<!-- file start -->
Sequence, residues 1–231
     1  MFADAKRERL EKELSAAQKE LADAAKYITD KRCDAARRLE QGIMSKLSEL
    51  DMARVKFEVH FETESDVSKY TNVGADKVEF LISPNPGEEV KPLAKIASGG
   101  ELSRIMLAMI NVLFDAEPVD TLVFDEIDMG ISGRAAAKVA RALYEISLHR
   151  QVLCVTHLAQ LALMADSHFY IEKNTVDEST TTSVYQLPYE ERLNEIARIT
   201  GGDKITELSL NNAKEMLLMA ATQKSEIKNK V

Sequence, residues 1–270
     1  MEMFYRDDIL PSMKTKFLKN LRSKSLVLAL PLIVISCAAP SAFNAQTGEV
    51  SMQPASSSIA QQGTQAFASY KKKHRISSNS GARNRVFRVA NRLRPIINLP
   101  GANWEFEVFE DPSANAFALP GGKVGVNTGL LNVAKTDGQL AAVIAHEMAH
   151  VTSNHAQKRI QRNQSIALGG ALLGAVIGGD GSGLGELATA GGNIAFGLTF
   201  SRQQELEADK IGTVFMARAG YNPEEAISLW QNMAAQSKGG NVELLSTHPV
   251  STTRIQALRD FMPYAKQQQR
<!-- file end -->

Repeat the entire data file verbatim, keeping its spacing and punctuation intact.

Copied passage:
Sequence, residues 1–231
     1  MFADAKRERL EKELSAAQKE LADAAKYITD KRCDAARRLE QGIMSKLSEL
    51  DMARVKFEVH FETESDVSKY TNVGADKVEF LISPNPGEEV KPLAKIASGG
   101  ELSRIMLAMI NVLFDAEPVD TLVFDEIDMG ISGRAAAKVA RALYEISLHR
   151  QVLCVTHLAQ LALMADSHFY IEKNTVDEST TTSVYQLPYE ERLNEIARIT
   201  GGDKITELSL NNAKEMLLMA ATQKSEIKNK V

Sequence, residues 1–270
     1  MEMFYRDDIL PSMKTKFLKN LRSKSLVLAL PLIVISCAAP SAFNAQTGEV
    51  SMQPASSSIA QQGTQAFASY KKKHRISSNS GARNRVFRVA NRLRPIINLP
   101  GANWEFEVFE DPSANAFALP GGKVGVNTGL LNVAKTDGQL AAVIAHEMAH
   151  VTSNHAQKRI QRNQSIALGG ALLGAVIGGD GSGLGELATA GGNIAFGLTF
   201  SRQQELEADK IGTVFMARAG YNPEEAISLW QNMAAQSKGG NVELLSTHPV
   251  STTRIQALRD FMPYAKQQQR